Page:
Heat is created in the body by the interaction of the electric field component of the EM field, generated by the transmit coil with the conductive elements (tissue, blood, skin) of the body. The power deposited in the body is quantified in terms of the SAR measured in W/kg. The SAR is proportional to the product of the conductivity and the square of the electric field. The mechanism by which heat is generated is the induction of eddy currents in conductive tissue according to Faraday’s law. Two different SAR measures relevant to clinical MR scanning follow from these, namely local 10 g SAR and the whole body SAR. As the terms suggest the local SAR is defined as the peak SAR value after spatial averaging over any 10 g of tissue, whereas the partial or whole body SAR is spatially averaged over the entire body and can be estimated from the total RF power deposited in the body. At low field the SAR increases as the square of the operating frequency . The same legal SAR-regulations are applicable to UHF-MRI as at lower field strengths. The FDA limits are: whole body average 4 W/kg for 15 min, head/trunk local (1 g tissue) 8 W/kg for 10 min, extremities (1 g tissue) 12 W/mg in 5 min. The IEC has three levels, with all values over a 6 min average: normal (all patients), whole body average 2 W/kg, head/trunk local 10 W/kg, and extremities local 20 W/kg; first level (supervised) 4 W/kg, 10 W/kg, and 20 W/kg, respectively; second level (IRB approval) 4 W/kg, >10 W/kg, and >20 W/kg, respectively. Testing uses an American Standards of Tests and Measurements (ASTM) standard . The assumption when using the phantoms recommended by the ASTM (which mimic the dielectric properties of tissue) is that the spatial distribution of the EM field is well-characterized, which means that the position of the highest electric field, and therefore highest heating, can be predicted and thermal measurements can, therefore, be performed at that location. However, at 7 T the wavelength of the EM fields in the tissue-mimicking materials is ~13 cm , which means that wave interference occurs inside the phantom which makes prediction of the location of maximum heating much more difficult. Therefore, many high field studies have deviated from the strict guidelines of the ASTM standard, or have attempted to measure the electric fields directly. It should be noted that, despite wave interference effects, many groups have shown that these do not always lead to a higher local relative to global SAR [42, 43]. Taken all these effects into account, it has been shown that the whole body SAR does not show a quadratic relationship, but more closely adheres to a linear increase with field above 3 T . As with lower field strengths, the vendors use a simplified body/head model to estimate the SAR of a particular imaging sequence, given the EM field characteristics of the particular coil being used. There is then, typically, a further factor-of-two safety margin built into the scanning limits.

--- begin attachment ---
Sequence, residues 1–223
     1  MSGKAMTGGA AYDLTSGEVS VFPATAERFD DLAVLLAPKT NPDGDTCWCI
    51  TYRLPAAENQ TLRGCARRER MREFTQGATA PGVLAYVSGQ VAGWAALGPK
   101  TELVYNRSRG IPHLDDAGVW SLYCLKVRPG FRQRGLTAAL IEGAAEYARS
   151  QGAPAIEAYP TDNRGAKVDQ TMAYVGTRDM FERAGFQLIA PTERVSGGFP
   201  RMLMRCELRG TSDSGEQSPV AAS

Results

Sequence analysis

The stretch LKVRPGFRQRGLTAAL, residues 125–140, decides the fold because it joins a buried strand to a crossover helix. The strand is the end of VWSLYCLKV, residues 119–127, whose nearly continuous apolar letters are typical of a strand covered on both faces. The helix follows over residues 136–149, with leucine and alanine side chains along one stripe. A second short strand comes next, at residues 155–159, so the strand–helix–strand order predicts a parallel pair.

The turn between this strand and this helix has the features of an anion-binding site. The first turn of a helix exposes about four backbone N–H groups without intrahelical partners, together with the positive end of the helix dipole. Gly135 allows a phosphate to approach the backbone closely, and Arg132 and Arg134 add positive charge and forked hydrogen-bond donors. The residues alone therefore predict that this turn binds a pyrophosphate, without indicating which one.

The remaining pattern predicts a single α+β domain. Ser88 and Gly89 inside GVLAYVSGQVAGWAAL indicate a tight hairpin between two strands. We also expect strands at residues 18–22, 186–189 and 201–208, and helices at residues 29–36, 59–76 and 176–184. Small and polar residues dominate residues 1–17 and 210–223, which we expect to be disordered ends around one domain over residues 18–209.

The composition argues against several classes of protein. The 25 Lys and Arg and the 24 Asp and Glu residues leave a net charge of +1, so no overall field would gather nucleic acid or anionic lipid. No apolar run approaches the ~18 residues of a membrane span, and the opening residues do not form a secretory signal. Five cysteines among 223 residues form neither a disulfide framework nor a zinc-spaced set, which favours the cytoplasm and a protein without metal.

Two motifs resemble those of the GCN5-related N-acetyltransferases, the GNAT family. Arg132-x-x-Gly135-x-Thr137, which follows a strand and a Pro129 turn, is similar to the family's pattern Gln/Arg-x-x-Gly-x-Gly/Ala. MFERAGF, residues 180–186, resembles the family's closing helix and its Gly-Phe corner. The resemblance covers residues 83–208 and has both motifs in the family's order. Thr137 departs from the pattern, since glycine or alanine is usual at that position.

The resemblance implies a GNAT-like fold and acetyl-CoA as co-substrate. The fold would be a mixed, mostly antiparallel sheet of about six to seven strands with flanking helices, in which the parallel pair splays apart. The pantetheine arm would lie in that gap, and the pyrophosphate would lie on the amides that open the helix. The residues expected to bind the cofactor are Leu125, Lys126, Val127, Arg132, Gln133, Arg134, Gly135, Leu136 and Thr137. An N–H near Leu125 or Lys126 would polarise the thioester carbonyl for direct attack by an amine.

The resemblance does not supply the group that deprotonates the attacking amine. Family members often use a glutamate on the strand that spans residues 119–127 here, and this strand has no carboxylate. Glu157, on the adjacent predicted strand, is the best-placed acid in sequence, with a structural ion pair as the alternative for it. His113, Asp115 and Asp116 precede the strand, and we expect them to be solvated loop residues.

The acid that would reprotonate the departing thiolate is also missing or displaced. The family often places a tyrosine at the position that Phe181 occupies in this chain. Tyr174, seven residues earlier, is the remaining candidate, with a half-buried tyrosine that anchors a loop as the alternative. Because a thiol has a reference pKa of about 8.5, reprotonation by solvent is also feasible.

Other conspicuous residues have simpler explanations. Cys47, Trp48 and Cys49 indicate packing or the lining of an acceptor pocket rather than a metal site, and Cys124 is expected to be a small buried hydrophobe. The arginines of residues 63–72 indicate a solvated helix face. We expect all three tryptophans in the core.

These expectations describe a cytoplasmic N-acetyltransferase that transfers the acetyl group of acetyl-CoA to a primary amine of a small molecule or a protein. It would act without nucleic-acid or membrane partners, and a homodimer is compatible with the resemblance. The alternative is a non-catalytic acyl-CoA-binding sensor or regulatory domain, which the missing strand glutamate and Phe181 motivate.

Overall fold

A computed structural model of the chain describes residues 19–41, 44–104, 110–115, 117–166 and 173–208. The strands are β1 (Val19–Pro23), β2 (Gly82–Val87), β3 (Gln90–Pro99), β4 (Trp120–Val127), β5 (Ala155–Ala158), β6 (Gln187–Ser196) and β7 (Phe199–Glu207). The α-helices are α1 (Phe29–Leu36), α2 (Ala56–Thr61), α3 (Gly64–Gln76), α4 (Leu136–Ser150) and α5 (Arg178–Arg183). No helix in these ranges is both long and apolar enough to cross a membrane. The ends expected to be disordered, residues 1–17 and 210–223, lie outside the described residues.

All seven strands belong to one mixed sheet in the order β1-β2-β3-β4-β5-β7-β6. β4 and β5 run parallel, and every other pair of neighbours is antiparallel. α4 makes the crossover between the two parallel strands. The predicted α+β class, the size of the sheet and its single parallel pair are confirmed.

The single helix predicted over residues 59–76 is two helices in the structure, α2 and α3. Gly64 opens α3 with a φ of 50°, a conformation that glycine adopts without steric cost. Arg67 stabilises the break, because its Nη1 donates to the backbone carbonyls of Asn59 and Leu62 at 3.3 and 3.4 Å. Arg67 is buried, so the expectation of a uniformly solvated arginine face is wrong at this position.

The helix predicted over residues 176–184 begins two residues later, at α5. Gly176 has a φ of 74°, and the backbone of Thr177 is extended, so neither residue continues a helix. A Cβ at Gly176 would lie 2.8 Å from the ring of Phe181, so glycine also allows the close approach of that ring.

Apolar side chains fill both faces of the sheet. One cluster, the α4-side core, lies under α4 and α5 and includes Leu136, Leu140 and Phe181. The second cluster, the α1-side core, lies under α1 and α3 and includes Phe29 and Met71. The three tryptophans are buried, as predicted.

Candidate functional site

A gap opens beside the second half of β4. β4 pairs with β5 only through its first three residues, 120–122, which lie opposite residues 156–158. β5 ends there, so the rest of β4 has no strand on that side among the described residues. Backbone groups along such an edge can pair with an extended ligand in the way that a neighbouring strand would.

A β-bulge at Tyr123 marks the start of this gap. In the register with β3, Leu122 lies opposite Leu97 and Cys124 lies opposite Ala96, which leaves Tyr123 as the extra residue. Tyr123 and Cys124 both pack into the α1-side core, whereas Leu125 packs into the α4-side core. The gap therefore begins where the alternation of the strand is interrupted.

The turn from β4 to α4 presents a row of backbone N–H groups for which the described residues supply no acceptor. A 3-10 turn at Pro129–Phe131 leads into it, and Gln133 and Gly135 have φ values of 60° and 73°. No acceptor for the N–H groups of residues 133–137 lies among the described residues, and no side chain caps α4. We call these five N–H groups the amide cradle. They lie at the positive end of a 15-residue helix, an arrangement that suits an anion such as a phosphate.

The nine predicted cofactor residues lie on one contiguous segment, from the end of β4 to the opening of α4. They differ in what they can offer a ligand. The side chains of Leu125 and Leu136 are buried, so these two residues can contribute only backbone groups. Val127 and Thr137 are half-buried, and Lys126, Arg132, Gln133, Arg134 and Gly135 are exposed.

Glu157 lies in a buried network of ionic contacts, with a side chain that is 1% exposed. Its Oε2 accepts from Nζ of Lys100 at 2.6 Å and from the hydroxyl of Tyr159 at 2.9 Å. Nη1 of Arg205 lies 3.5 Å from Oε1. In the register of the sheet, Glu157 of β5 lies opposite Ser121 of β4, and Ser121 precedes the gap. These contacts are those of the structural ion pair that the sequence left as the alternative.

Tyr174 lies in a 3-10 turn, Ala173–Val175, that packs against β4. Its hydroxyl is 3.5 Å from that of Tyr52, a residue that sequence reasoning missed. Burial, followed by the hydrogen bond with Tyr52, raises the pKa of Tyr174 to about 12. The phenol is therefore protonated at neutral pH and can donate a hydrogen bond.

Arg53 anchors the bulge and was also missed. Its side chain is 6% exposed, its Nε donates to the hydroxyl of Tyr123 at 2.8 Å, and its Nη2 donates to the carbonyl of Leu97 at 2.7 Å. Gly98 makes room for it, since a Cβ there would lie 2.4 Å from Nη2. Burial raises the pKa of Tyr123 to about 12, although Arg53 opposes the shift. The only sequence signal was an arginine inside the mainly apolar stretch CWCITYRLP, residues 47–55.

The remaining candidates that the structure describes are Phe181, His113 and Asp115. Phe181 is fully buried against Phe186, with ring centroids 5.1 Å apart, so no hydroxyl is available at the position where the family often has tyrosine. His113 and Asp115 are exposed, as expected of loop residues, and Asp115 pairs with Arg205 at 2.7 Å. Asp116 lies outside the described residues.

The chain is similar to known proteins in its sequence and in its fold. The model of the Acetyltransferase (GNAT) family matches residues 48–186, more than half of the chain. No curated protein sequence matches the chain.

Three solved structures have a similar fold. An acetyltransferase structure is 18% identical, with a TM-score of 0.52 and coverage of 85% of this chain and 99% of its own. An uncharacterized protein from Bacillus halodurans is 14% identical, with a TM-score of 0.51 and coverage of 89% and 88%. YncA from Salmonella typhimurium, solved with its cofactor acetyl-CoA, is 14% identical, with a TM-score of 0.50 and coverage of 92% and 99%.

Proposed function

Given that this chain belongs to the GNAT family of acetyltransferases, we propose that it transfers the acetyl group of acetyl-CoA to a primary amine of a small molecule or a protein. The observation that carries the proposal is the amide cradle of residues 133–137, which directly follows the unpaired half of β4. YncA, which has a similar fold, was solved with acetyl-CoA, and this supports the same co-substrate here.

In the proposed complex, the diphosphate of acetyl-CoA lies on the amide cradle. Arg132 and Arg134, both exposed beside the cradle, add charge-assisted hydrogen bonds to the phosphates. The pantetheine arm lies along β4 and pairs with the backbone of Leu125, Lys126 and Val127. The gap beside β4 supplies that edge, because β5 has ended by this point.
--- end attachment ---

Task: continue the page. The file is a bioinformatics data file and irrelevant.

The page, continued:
One of the areas of very active research at high field is the use of transmit array technology, in which the transmit RF coil consists of a number of independent channels, each of which can be separately controlled in terms of the magnitude and phase of the transmit power. These systems have been commercially released for 3 T (dual-transmit from all three major vendors) and are available for up to eight channels on 7 and 9.4 T systems. The fact that the magnitude and phase of each of the separate channels can be different for each patient makes the process of SAR estimation much more complicated, with potentially higher risk of producing a “hot-spot”. This higher risk is caused by the very nature of parallel transmit: tailoring the RF distribution by constructive and destructive interference. As an example, if one or more transmit coils were to malfunction, the local power deposition can be higher than the calculated level due to the absence of an element of destructive interference. The safety considerations of parallel transmit are, however, not an UHF-MRI specific safety issue, but a more generic safety issue .